THOUGH PETER MUHLENBERG had preached regularly for the cause of the American colonists, he decided that, in his last sermon, he would have to do something unusual to drive home his point.
Muhlenberg (1746–1807) was familiar with the unusual. He was born in Pennsylvania to Lutheran missionaries (his father, Henry, was the founder of the Lutheran Church in America). His father sent him back to Germany for schooling, but his German teachers felt he wasn’t good educational material, so they apprenticed him to a grocer for six years. Muhlenberg had other ideas and escaped to join the army before returning to Philadelphia in 1767 to study for the ministry under his father.
In 1771, the Lutheran-trained Peter went to Virginia to work with a settlement of German Lutherans; at the same time, he was ordained in the Anglican Church (so he could perform marriages, baptisms, and collect tithes in Anglican Virginia). Muhlenberg was beloved by his congregation and quickly became a leader in the community.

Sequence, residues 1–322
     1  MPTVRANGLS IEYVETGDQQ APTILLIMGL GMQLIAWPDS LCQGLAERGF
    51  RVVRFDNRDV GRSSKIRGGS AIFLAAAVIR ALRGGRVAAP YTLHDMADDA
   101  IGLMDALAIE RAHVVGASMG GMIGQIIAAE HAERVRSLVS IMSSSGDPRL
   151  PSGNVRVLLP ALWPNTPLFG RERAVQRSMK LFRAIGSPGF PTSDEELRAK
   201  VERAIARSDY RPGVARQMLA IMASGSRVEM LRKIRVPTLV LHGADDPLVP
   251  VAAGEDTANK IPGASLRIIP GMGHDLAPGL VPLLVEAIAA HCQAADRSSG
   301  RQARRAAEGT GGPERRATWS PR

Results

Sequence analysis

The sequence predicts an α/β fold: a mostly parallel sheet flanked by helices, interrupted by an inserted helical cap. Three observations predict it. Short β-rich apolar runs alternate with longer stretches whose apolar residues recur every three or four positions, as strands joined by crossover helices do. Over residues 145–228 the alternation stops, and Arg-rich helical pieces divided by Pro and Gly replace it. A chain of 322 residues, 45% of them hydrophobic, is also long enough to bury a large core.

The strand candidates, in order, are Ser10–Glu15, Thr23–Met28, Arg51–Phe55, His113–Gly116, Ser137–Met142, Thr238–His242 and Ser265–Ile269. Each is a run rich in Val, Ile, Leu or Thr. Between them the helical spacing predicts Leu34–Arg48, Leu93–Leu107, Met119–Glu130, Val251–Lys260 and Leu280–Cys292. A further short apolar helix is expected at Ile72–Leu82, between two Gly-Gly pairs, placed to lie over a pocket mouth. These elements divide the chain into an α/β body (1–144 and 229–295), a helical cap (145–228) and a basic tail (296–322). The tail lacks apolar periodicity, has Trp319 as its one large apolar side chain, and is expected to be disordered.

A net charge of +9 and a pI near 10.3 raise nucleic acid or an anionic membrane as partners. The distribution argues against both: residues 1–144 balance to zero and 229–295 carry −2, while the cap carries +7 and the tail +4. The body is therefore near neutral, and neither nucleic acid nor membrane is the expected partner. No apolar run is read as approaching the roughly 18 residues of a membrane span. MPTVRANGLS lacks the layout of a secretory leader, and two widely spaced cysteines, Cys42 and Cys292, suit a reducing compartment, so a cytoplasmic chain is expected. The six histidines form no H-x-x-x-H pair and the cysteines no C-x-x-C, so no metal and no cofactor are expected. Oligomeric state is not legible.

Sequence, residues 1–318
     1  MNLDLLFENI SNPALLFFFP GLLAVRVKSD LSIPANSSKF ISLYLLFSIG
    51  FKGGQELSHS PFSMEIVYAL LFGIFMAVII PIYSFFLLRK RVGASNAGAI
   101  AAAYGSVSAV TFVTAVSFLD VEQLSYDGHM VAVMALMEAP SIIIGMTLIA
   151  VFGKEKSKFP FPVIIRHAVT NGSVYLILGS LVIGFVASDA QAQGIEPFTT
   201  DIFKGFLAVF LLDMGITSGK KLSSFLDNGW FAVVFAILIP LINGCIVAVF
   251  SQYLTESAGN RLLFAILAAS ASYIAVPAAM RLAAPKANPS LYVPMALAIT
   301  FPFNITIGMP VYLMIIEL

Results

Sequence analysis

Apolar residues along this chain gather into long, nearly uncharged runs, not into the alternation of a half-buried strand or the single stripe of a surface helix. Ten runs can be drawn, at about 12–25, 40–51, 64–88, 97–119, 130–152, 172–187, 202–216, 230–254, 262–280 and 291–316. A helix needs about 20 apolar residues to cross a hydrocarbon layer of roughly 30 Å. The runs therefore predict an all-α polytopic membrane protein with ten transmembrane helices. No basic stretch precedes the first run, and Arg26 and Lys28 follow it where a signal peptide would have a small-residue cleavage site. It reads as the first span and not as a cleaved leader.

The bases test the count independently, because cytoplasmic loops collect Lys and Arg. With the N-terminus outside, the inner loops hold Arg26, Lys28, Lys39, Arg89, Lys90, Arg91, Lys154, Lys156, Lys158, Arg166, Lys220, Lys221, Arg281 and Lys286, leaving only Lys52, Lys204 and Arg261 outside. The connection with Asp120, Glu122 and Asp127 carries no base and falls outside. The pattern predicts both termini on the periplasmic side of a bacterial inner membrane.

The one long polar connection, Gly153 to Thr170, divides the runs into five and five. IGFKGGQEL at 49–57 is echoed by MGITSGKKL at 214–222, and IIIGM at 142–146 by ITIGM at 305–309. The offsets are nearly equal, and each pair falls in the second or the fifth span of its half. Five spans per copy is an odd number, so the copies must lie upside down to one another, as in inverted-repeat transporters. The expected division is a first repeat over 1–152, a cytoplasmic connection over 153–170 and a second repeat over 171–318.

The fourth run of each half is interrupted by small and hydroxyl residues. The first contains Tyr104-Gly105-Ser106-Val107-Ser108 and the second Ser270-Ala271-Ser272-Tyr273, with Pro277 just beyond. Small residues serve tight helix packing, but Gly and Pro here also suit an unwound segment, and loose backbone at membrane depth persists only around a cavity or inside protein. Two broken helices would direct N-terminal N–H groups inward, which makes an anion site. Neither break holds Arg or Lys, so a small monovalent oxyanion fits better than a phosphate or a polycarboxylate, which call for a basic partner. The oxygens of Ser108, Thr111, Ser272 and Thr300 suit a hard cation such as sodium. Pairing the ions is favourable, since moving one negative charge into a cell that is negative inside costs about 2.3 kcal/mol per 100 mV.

He was elected to the Virginia Legislature in 1774 and became an outspoken advocate for colonial rights. Though an Anglican minister, he never confused the “invoking of divine blessing on the king with wearing a parliamentary yoke.”
He was present at St. John’s Church in Richmond when Patrick Henry gave his immortal cry, “Give me liberty or give me death!” Peter was so moved, he enlisted under George Washington and returned to his congregation to give his final sermon.
After reading from Ecclesiastes 3:1, he said, “There is a time to preach and a time to pray, but there is also a time to fight, and that time has now come.” Muhlenberg threw off his robes to reveal the uniform of a militia colonel.
He then recruited the men of his congregation, who became known as the “German Regiment,” which Muhlenberg commanded throughout the war. He eventually rose to the rank of major general, and after the war, returned to Philadelphia a hero. He spent the remainder of his life in local and national politics. CH
By Mark Couvillon
[Christian History originally published this article in Christian History Issue #50 in 1996]Mark Couvillon Mark Couvillon is historical interpreter and researcher at the Colonial Williamsburg Foundation. He is co-author of Patrick Henry Essays (1994).
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